Law schools want to lower costs, but they just can’t? Is anybody dumb enough to believe that? You’re saying that NYLS cannot lower costs down to the point where it is AT LEAST AS CHEAP AS HARVARD?

Look, we’ve all seen the GAO report that details how U.S. News rankings may force up the cost of legal education. But upward pressure hardly explains why NYLS has to be so expensive relative to its third-tier competition. So don’t give us this “our hands are tied” tripe.

Second, the article seems to suggest that the only value of a legal education is in the jobs that graduates may obtain immediately upon graduation. This is unfair and misleading. Legal education provides lifelong skills that give graduates the ability to represent others and help with their problems over a 40–50 year career—one which gives graduates autonomy and freedom to learn and continue to grow throughout their professional lives.

Sure, as long as you are willing to default on your law school debt obligations (as I have), law school really enhances your autonomy, freedom, and lifelong learning. If, on the other hand, you want to pay back your debts — well, you need a job.

And for what’s it’s worth, these kids didn’t go to law school to “represent others and help with their problems.” They went to law school to GET PAID for representing others and helping them with their problems. It’s a small but important freaking difference, and Dean Matasar would do well to note it.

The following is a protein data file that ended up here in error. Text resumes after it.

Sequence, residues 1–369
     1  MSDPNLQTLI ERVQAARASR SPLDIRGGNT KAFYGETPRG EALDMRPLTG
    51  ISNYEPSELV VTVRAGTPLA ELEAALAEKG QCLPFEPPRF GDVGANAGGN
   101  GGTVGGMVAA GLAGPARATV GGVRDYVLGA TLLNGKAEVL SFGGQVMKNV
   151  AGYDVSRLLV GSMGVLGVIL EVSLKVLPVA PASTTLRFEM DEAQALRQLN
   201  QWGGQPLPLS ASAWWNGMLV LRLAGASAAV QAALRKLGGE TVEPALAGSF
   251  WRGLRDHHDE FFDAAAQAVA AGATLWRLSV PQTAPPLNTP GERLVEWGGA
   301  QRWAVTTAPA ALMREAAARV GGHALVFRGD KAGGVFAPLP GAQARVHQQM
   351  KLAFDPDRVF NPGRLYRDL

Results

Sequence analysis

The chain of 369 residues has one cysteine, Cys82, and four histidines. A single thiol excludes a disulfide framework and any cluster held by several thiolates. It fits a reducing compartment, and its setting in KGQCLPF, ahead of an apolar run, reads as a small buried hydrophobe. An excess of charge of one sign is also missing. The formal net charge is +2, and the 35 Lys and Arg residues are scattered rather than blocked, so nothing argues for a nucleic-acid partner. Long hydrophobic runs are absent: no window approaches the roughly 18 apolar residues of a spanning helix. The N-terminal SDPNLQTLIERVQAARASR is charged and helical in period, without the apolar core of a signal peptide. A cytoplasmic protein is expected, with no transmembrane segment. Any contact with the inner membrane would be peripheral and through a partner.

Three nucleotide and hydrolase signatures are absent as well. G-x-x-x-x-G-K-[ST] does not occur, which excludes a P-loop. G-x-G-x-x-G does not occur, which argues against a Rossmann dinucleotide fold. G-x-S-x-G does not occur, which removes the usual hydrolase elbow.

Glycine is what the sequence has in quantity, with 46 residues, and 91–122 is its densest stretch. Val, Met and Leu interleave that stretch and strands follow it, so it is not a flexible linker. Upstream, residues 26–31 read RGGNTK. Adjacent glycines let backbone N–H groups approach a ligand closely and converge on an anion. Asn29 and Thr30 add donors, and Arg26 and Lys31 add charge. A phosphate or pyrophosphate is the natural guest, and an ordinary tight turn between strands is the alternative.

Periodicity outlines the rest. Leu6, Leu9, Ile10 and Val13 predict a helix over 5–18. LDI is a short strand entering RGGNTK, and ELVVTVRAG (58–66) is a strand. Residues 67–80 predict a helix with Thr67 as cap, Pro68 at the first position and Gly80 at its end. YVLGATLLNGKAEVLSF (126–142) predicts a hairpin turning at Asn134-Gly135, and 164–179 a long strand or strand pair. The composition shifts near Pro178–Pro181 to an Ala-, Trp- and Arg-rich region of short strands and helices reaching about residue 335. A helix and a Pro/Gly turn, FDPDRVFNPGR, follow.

Third, the article seems to imply that students behave like sheep who do not know that we live in challenging economic times. Untrue; many of them read The New York Times and receive advice from friends, family, and others who point out the riskiness of taking on debt and the uncertainty of a bad job market. Further, most law schools to which they apply—like mine, New York Law School—provide realistic advice. I tell every student that going to law school is among the most important financial decisions they will ever make, that the job market for students outside the top 10 percent of their graduating class is tough, and that 90 percent of them are guaranteed NOT to be in the top 10 percent of their class.

Not sheep? Well, what word would you use to describe people who go into six figures of debt to get a job earning $35,000? Lemmings?